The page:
If you worked from home but it was a shared workspace (you worked in your kitchen, dining room, or living room), we recommend you use the flat rate method. Because you only used the space for a limited time (maybe 40 hours out of 168 total hours per week), the percentage of your expenses becomes quite low.

When you calculate your square footage (say 12% of your home) and the percentage of hours (40/168 or 24%), it becomes a low number: 2.85% of your operating home expenses, for example. This example equates to $2 per day if the operating expenses are $1400/month.

If you worked less than full time, the Flat Rate Method is likely the best for you because of the prorated hours.

The Simplified Method

The second option is to claim the expense details using form T2200S and T777S. To use this method, you still needed to work from home at least 50% of the time for a period of at least four consecutive weeks since March 15.

If you have a dedicated room like a bedroom, you can claim your home expenses based on a percentage of the square footage of the home and if the space was not used for personal purposes, you do not need to prorate by the hours worked.

Keep in mind there are limited operating expenses you can claim a percentage of: electricity, heat, water, internet access fees, basic cell phone fees, maintenance & repairs, and rent. Commissioned sales employees can also claim a percentage of home insurance and property taxes. Mortgage interest or payments cannot be claimed by employees.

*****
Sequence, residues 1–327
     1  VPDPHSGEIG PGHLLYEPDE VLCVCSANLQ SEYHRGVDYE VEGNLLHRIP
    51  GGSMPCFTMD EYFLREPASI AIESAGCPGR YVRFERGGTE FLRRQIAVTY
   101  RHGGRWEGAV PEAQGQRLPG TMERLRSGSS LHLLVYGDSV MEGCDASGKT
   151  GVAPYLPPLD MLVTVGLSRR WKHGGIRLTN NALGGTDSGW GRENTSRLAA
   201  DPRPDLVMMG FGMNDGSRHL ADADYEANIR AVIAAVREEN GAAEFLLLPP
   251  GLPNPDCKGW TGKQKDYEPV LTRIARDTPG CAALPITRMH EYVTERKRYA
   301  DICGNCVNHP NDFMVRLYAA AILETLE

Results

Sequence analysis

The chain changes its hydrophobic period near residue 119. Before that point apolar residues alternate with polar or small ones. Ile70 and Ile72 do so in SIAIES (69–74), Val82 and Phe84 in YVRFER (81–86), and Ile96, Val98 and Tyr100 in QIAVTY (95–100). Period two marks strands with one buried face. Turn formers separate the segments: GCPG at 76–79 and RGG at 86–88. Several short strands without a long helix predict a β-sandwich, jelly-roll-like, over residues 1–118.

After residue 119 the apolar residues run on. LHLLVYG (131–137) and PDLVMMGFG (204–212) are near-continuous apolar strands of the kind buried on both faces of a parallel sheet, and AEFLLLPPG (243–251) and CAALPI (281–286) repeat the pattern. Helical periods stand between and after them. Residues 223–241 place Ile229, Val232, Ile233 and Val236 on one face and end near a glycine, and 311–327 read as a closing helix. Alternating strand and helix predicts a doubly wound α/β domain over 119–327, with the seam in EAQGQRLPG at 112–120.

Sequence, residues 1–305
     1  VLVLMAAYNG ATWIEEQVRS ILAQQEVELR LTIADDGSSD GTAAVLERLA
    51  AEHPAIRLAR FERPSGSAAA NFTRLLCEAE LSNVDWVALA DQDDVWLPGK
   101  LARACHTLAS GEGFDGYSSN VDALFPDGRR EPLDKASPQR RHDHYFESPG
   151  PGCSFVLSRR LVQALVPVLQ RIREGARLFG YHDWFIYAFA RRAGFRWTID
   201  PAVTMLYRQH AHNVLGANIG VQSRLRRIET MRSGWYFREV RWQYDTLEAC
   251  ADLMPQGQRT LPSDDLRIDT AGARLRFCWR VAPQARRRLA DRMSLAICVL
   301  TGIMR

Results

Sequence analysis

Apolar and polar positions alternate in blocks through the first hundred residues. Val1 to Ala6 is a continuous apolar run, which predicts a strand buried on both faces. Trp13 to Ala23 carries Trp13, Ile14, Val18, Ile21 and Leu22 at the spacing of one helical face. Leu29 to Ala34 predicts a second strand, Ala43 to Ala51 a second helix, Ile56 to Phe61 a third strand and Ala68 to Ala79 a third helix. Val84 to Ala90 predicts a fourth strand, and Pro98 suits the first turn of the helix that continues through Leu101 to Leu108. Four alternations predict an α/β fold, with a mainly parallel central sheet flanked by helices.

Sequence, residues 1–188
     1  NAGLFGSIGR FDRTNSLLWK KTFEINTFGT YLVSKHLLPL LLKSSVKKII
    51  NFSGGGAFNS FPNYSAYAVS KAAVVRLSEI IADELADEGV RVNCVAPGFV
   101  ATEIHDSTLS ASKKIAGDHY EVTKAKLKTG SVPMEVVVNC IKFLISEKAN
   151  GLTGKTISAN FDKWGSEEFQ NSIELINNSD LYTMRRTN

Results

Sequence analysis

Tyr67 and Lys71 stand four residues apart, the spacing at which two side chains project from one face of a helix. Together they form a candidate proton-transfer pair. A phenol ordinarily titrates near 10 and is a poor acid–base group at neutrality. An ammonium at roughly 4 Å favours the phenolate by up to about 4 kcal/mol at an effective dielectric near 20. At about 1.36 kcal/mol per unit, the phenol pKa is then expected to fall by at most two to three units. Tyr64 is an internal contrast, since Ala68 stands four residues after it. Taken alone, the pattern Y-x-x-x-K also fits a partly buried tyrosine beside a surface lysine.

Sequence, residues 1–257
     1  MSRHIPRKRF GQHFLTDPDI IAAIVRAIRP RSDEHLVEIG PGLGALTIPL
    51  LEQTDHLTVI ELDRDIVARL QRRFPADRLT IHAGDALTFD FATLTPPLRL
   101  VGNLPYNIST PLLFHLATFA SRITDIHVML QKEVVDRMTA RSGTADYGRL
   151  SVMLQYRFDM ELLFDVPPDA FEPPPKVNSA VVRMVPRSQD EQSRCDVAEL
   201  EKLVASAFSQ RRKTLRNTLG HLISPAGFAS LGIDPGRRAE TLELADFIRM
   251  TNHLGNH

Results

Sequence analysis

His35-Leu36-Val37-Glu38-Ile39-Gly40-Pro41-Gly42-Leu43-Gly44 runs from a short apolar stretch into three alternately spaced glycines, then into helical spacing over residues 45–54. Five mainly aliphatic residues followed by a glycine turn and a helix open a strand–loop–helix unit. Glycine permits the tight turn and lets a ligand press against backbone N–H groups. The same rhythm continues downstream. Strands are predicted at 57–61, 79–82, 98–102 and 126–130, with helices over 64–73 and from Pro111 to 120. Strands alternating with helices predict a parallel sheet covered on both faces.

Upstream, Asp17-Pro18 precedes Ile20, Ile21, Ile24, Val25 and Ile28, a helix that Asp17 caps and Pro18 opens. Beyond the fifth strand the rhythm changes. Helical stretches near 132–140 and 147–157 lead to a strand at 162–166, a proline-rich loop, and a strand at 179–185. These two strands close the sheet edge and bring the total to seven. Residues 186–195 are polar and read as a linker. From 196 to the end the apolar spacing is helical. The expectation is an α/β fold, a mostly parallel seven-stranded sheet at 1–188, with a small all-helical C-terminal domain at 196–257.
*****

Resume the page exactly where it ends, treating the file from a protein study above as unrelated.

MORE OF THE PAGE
Maintenance expenses are limited to items like light bulbs, servicing the furnace, or other similar expenses for the entire home. Capital expenses like major renovations are not maintenance expenses. There is a good list on the CRA website you can review; search “CRA home workspace expenses”.

You can claim office supplies using this simplified method.

When determining which method to use, keep in mind your total operating expenses may be limited; the work that is required to calculate the total

expenses; the proof you need to keep in case you are audited; an increased possibility of being audited; and if using a tax preparation firm like ours, additional fees may be charged to claim this expense on your personal tax return.

The Regular Method

If you are claiming vehicle expenses or other employment related expenses, you need to use the regular method: T2200 and T777.

If you worked from home as an employee before COVID, you must use the regular method.